Podcasting Killed the Satellite Star

When satellite radio was approved (spectrum allocated in 1992 and XM and Sirius applications approved in 1997), it was hailed as a big breakthrough for the industry. Markets with little diversity would have access to all sorts of music. Vertical markets that heretofore could not be supported through commercial radio and only got small slices (or none) of NPR became whole channels. The consumer would be served and all boats would rise. A little over ten years later, the two entities have merged into one and the market is waning. According to Business Week, Sirius XM will end 2008 with 19.1 million subscribers with a paltry 7.9% growth anticipated for 2009.

What happened? Digital music became portable. This all happened because of the MP3 format. First developed in 1987, it reached the market in a meaningful way in 1999 through SubPop, the first to distribute tracks through the MP3 format and a number of MP3 players. Later that same year, Shawn Fanning introduced a file sharing program called Napster. This blew the music industry away. It was all considered illegal until 2001 when Steve Jobs introduced the iPod which supported iTunes, the site put up by Apple to sell licensed music to the consumer. The rest as they say is history.

Today, Apple has sold 174 million iPods. The company is expected to sell 21.7 million in the fourth quarter alone, equivalent to or higher than the entire subscriber base of Sirius XM. While the market for podcasting is still tiny at about $250 million in 2008 according to eMarketer, the reality is that the availability of cheap or in many cases free (to the consumer as they often play music on their MP3 players that they have ripped from CDs they already own) music has replaced many other sources of music. Whether as a personal device, in the car or in the home, iPods and other MP3 players are the device of choice today for music listening.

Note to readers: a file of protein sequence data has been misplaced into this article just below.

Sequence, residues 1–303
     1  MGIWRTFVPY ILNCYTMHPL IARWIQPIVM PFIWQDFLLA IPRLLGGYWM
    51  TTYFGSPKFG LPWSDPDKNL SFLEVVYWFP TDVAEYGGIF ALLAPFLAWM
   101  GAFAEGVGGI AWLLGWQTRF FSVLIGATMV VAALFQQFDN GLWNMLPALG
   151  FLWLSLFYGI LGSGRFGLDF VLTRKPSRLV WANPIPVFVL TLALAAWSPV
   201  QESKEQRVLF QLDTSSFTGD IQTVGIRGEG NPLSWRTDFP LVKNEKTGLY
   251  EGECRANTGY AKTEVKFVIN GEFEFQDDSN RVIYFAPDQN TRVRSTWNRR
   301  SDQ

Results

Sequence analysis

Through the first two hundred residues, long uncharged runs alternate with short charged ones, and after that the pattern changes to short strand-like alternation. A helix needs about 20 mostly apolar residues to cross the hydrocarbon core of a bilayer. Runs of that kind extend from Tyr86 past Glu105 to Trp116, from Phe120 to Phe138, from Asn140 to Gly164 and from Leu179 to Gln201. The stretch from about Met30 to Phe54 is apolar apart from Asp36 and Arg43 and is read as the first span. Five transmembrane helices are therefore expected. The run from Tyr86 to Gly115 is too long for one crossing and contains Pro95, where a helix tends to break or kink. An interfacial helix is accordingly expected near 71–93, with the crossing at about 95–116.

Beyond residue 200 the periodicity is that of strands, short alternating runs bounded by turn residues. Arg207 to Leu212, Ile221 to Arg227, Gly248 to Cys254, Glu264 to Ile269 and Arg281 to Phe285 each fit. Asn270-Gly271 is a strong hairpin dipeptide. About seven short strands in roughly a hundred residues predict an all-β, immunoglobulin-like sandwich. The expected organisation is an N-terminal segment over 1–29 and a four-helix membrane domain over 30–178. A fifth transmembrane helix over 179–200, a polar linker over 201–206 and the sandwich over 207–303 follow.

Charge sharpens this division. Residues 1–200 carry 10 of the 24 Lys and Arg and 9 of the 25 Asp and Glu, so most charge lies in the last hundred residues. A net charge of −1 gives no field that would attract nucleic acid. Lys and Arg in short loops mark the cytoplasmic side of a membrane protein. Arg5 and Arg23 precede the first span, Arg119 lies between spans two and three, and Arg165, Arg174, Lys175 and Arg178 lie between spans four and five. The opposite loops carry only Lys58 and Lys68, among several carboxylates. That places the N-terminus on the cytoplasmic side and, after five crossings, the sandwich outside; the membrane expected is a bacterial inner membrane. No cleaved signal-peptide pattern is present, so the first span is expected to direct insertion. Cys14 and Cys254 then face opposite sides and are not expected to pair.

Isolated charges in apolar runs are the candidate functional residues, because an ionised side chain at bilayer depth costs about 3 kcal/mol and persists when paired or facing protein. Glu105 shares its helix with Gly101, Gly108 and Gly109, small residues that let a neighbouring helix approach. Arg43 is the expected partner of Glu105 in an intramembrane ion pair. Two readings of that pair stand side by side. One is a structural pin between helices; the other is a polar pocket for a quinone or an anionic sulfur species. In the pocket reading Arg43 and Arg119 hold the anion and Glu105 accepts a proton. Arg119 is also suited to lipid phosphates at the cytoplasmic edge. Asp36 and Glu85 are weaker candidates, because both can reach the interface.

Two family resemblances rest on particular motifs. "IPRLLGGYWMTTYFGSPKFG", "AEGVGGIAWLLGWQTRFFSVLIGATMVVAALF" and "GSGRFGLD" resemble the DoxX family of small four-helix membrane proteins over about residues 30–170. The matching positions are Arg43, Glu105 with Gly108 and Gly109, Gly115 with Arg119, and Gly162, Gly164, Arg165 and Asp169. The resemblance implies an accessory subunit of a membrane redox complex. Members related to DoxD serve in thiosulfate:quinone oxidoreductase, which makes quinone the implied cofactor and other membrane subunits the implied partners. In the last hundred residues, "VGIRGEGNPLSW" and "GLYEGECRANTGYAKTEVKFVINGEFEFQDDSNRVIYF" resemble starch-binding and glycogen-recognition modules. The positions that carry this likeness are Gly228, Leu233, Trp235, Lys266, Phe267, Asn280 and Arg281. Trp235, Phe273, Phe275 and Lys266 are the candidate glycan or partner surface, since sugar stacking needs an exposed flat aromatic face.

As I was writing this, Sirius XM revised its forecast for 2009 downward to just 20.6 million. The Detroit bailout is good news and bad news for them. The hiatus in manufacturing also means a hiatus for Sirius XM as a big part of their volume is in new cars, including rentals. The bailout does help OEMs like Sirius XM to survive, however, through trickle-down economics.

Satellite will never be the shining star that investors once hoped for, however. The advent of personal portable music that is customizable plays to the same market that Sirius and once competitor XM had hoped for. The expansion of the iPod/MP3 player market into phones, plug in systems to play at home, cars with jacks built in, etc. means that iPods and generic MP3 players will be the hardware format for sound in the future. Music, news, features, etc. RIP, Sirius XM. It's only a matter of time.

10 comments about "Podcasting Killed the Satellite Star".
Check to receive email when comments are posted.
  1. Scott Curtis from Studeo, December 23, 2008 at 4:49 p.m.